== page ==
This afternoon, after receiving the trophy for the Emerging Designer of the Year, both designers were too moved with the honour to be able to articulate their feelings. Ms Soon could only say, when she stepped off the stage, that she wanted to cry. For many fashion observers, the win was hardly surprising. One of the judges Tina Tan enthused: “Their things are truly beautiful.” The other contenders, in fact, were up against two talents who are technically on another plane. Mr Ebihara and Ms Soon has shown that looking beyond the obvious augments flair to make fashion more engaging, more unique, totally desirable.
Fellow nominee Amos Yeo of AmosAnanda is a favourite among young TV stars. His clothes capture the spirit of a certain UK men’s wear designer-of-the-day, and cater to those who only care about the surface and not what’s beneath. And Rebecca Ting of Beyond the Vines has carved a distinguishable aesthetic of supreme gentleness, but she has yet shown that she’s adept at manipulating shapes and infusing her designs with details that can excite the eye.
The 2013 graduation collection of Ametsubi’s Keita Ebihara and Elizabeth Soon. Photos: Domus Academy
Keita Ebihara and Elizabeth Soon met in Milan in 2013, when they were MA students at the prestigious Domus Academy (DA), ranked by BOF last year as the 19th best global graduate school for fashion. As Ms Soon recalled, “the first day of school was my birthday” and Mr Ebihara was there, mistaking her to be a Japanese lass, but spoke to her in what, by his admission, was then halting English. One renowned Singaporean who went to DA to complete his post-grad studies is the Paris-based designer Andrew Gn, after he graduated from Central Saint Martins. As DA programs are based on the idea of “learning by designing” and students busy themselves in “workshops”, the grouping and intermingling allowed Mr Ebihara and Ms Soon to interface frequently enough that pairing up as co-designers was an attractive idea.
Prior to their academic life together in Milan, Ms Soon, who was born in Canada and moved back to Singapore when she was six, was a student at the Nanyang Academy of Fine Arts’ School of Fashion Studies, where she graduated with a BA (Hons) in fashion design in 2012. In the same year, her graduation collection zipped to the UK to represent Singapore at the London Graduate Fashion Week, and was met with rave reviews in the English media, which noted her designs’ “powerful visual impact”.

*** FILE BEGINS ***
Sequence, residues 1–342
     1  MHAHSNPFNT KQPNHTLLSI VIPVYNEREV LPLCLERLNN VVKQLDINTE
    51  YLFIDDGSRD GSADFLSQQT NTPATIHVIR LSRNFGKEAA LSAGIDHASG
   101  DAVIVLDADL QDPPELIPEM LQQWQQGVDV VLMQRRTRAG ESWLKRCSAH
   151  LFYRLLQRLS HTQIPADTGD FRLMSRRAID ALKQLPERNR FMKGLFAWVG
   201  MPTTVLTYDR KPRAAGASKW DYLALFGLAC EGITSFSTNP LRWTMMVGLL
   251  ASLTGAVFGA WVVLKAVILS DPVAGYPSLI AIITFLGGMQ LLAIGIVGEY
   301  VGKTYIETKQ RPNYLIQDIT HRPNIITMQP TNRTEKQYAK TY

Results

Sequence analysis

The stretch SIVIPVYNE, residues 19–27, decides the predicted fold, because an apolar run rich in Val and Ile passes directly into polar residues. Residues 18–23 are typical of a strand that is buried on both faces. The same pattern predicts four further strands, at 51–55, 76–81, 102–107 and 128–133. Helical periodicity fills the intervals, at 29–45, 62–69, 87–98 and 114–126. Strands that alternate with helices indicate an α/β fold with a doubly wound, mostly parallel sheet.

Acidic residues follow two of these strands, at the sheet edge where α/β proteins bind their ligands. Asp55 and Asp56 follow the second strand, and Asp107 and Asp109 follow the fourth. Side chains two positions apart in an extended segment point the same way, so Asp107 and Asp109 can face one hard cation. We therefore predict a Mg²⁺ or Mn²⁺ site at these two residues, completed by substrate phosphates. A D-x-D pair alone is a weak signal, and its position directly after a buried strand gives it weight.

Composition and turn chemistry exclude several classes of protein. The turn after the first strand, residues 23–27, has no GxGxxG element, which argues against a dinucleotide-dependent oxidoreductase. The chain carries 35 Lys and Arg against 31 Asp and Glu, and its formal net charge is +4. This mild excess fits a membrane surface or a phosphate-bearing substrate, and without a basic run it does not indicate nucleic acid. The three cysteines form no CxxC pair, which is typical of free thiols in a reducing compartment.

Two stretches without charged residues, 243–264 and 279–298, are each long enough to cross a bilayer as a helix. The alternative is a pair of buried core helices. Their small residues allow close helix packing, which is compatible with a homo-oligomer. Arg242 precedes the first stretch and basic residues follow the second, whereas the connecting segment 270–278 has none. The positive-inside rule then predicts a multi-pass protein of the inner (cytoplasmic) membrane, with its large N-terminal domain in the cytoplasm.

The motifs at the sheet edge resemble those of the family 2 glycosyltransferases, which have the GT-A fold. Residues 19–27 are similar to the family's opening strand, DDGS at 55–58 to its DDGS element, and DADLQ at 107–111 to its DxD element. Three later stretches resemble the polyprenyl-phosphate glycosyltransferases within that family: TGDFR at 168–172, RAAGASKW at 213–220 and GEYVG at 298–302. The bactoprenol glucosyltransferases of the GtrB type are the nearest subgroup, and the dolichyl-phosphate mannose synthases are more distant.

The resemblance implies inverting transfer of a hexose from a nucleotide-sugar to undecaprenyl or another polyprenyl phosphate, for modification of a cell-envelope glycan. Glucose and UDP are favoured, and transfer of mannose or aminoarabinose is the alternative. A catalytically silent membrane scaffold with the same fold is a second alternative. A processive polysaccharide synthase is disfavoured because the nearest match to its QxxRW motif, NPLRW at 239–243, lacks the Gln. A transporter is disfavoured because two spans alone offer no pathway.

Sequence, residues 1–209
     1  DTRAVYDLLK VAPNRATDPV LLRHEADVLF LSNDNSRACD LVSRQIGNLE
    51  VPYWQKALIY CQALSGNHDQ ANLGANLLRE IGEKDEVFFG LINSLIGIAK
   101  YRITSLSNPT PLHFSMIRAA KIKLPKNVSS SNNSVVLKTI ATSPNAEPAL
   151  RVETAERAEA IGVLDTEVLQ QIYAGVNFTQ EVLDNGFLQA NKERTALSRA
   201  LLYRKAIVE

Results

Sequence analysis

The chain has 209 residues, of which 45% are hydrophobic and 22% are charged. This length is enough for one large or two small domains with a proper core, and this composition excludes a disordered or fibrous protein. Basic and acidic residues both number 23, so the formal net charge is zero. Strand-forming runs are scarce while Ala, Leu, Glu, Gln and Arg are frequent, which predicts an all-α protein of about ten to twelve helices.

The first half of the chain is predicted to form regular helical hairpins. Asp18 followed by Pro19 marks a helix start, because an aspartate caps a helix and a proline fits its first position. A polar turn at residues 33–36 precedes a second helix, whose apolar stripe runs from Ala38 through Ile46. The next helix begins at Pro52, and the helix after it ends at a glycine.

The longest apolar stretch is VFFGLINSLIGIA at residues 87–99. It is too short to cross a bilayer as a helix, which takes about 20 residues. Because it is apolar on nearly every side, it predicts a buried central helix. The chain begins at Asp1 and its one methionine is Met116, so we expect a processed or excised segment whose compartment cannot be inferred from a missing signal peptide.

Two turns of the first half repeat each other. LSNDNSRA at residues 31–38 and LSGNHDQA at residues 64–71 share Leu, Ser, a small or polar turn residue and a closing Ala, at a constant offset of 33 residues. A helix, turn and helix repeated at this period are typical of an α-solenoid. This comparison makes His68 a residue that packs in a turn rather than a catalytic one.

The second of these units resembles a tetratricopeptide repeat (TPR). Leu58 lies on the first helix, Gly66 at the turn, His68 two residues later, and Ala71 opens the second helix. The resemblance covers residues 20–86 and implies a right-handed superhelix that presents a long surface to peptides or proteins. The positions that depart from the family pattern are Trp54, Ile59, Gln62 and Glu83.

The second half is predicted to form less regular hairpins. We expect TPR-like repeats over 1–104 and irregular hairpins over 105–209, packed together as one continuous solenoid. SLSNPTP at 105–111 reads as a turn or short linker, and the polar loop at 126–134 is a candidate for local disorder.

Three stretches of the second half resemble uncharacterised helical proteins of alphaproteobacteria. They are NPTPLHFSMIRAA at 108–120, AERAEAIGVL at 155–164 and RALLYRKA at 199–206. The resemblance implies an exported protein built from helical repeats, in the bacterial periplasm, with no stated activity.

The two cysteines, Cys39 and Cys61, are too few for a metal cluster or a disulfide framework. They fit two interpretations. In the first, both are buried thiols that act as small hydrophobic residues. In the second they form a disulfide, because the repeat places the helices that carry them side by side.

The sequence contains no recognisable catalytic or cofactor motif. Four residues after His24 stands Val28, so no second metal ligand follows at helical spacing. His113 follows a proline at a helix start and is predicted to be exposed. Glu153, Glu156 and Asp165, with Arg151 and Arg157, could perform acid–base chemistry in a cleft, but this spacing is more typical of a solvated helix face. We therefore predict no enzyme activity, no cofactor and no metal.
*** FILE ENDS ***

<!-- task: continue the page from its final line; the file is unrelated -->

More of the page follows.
Mr Ebihara, who was born in Tokyo, had gone to Sugino Gakuen, one of the top-10 fashion schools in the city to study fashion design; he graduated in 2009. Although he had “learned more about techniques: Japanese sewing and draughting”, he wanted to know “more about the product.” Terra Italiano was his greener grass on the other side.
While still in school, Mr Ebihara was selected to work for the Milan-based British designer Neil Barrett, and continued for four months after graduation in 2013. It was an experience that he admitted he did not enjoy. With his wife giggling in the background, he said, “to be honest, I found it to be very boring. Because their style is… how should I say? It was something I did not like too much.” While her husband-to-be was designing for a fashion house he did not take pleasure in, Ms Soon was picked to join someone she admired, the Dutch designer Iris Van Herpen, but she opted out of that opportunity. With her husband mock-chastising her, “you should have gone”, Ms Soon explained: “I had a housing obligation then. I signed a rental contract for a year, and I could not back out of that.” Mr Ebihara repeated himself, and she concurred, “I should have, but I was paying 700 Euros a month for that apartment. I couldn’t just go. And I was scared. I was 22, and I was spending too much money in Italy. I can’t go to Amsterdam and pay rent there and continue to pay rent in Milan. I was just scared of any monetary risk.” When asked if she’s a pragmatist, she pointed to her husband and said he is more “realistic”. Who is the dreamer then? Both laughed.